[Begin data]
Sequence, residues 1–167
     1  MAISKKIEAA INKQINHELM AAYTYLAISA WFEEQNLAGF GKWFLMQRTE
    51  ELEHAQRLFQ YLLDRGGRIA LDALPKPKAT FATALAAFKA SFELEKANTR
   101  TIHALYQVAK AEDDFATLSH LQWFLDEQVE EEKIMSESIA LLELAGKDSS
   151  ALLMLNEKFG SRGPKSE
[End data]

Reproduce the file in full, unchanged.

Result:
Sequence, residues 1–167
     1  MAISKKIEAA INKQINHELM AAYTYLAISA WFEEQNLAGF GKWFLMQRTE
    51  ELEHAQRLFQ YLLDRGGRIA LDALPKPKAT FATALAAFKA SFELEKANTR
   101  TIHALYQVAK AEDDFATLSH LQWFLDEQVE EEKIMSESIA LLELAGKDSS
   151  ALLMLNEKFG SRGPKSE